Google is considering developing an Android alternative to Apple’s upcoming App Tracking Transparency, a new planned opt-in requirement the iPhone maker will impose on developers that demands they ask for permission to track iOS users across apps and websites. The news, first reported on Thursday by Bloomberg, underscores the increasing pressure on large tech companies, many spurred on by Apple, to take more proactive measures to better protect user privacy.
Google won’t say whether it is indeed working on an anti-tracking privacy measure for Android. But in a statement, a Google spokesperson tells The Verge, “We’re always looking for ways to work with developers to raise the bar on privacy while enabling a healthy, ad-supported app ecosystem.”
First announced at Apple’s developer conference last summer, App Tracking Transparency effectively slides a system-level opt in between an app’s tracking capabilities and a user’s preferences. If the user says they would rather not be tracked, there’s nothing the developer can do to get around that because Apple will disable a developer’s ability to gather the so-called Identifier for Advertisers code, or IDFA. That code both lets advertisers track users from one app or website to another for ad targeting while also helping advertisers measure the effectiveness of ads, such as whether a user ends up purchasing a product they saw on one app by using the mobile website of the merchant.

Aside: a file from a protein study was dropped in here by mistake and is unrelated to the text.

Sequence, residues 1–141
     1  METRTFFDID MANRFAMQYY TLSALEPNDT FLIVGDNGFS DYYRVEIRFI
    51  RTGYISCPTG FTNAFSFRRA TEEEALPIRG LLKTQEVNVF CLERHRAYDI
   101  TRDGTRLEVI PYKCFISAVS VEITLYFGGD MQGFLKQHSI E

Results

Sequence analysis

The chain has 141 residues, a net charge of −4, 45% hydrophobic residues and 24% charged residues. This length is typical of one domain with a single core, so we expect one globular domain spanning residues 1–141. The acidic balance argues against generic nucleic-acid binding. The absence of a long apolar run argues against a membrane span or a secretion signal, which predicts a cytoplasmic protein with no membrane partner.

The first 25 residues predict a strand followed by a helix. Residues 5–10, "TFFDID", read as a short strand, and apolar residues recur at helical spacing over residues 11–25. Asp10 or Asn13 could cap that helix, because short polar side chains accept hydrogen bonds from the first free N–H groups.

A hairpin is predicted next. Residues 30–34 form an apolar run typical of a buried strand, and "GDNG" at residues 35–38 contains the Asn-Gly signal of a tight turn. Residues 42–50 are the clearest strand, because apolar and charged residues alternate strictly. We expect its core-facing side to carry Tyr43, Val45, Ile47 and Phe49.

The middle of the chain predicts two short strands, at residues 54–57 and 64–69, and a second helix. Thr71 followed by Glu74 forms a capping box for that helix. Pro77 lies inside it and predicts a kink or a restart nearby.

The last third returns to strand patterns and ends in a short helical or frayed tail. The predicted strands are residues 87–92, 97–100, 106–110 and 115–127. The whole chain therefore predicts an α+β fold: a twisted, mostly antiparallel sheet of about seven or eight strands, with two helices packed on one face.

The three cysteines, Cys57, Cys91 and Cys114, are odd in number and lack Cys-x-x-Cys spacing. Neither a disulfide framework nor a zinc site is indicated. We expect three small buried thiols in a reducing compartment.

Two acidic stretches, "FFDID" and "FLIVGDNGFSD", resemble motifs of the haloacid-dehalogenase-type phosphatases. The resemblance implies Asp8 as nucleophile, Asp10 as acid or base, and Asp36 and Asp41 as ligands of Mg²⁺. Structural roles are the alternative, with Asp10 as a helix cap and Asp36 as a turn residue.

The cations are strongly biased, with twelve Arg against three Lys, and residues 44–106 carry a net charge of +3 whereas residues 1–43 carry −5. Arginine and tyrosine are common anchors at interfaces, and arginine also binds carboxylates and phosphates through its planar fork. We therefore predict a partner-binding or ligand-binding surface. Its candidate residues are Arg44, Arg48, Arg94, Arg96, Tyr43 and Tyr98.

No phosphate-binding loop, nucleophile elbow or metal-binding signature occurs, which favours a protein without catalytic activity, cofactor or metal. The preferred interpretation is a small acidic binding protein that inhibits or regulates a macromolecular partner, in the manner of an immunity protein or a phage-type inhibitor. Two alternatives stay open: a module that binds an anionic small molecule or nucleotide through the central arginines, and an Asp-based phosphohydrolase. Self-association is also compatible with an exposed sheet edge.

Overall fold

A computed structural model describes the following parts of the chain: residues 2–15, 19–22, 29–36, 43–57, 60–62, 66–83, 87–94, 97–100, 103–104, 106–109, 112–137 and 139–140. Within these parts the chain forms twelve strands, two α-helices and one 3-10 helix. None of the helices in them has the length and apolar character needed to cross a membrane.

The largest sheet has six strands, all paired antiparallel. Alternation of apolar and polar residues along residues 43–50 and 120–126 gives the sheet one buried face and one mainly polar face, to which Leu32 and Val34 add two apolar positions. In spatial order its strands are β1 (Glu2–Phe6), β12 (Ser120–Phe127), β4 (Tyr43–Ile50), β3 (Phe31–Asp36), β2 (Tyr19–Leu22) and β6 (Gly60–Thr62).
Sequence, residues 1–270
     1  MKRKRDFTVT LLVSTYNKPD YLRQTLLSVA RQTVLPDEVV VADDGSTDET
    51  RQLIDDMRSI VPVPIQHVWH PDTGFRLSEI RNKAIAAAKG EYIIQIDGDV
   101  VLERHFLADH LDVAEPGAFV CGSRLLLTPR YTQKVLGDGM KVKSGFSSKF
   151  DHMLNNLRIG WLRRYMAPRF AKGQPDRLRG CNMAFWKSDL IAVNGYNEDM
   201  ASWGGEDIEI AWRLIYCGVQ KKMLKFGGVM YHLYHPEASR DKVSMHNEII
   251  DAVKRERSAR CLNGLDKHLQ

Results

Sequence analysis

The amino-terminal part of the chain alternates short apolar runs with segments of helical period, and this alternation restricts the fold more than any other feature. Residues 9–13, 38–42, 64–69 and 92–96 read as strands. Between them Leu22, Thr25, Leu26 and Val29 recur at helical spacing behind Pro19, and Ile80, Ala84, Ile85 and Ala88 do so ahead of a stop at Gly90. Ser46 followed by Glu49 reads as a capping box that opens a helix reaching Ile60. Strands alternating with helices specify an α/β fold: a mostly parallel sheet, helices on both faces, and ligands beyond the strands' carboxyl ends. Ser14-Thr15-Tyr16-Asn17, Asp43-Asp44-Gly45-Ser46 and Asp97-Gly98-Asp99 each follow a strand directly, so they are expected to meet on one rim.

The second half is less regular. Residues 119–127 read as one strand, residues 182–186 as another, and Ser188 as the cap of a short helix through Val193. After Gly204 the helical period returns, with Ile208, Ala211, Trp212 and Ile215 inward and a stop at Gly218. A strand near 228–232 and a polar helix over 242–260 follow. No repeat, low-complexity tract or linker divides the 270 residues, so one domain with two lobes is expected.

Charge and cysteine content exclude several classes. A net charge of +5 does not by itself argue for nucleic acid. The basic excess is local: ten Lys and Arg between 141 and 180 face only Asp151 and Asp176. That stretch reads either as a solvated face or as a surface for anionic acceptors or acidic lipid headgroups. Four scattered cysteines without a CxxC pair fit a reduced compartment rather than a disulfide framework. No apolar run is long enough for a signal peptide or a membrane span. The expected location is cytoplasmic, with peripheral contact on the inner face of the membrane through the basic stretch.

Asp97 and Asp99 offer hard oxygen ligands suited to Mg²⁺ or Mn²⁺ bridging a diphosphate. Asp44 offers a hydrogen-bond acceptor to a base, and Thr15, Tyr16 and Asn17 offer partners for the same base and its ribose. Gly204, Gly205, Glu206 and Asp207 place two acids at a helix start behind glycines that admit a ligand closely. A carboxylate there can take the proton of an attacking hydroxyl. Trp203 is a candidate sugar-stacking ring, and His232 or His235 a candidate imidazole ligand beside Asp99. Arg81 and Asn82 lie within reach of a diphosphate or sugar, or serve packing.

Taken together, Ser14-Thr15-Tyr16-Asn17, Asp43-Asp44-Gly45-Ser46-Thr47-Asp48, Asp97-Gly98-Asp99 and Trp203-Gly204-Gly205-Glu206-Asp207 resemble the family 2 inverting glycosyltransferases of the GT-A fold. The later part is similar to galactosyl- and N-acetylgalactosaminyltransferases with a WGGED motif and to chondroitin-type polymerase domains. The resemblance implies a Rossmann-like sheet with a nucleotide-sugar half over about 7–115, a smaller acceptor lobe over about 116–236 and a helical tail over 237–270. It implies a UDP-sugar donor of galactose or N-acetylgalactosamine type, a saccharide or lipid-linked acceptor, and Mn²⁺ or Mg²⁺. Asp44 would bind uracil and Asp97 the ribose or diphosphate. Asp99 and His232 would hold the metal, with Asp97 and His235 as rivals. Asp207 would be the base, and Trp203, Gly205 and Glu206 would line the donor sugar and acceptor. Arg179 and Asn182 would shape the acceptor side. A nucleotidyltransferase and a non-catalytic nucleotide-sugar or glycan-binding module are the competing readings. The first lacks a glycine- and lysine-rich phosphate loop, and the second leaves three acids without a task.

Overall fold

Apple intends to police developers using audits and other methods to enforce its policies, which include potentially suspending or banning apps from the App Store if a developer does not comply. Both Facebook and Google have publicly expressed concern for how Apple’s opt-in requirement could negatively affect their mobile advertising networks. But Facebook has gone a step further and begun waging a public relations war against Apple over the change by complaining it will harm small businesses and accusing Apple of being self-serving.
Google’s take on App Tracking Transparency would likely not be as severe, Bloomberg reports. Instead of forcing opt-in requirements on app developers, the Android alternative may resemble some of the upcoming privacy controls planned for Google’s Chrome browser, in which the company seeks to end some of the more insidious tracking technologies on the web today by developing less invasive alternatives and giving users more opt-out mechanisms.
Google’s work to develop new privacy practices and standards for the web is known as the Privacy Sandbox. As part of that ongoing project, Google has taken steps to phase out third-party cookies on Chrome and is working on tools that allow advertisers to target groups of users instead of directly targeting individuals. All of this could inform how Google develops an anti-tracking measure for Android, Bloomberg reports.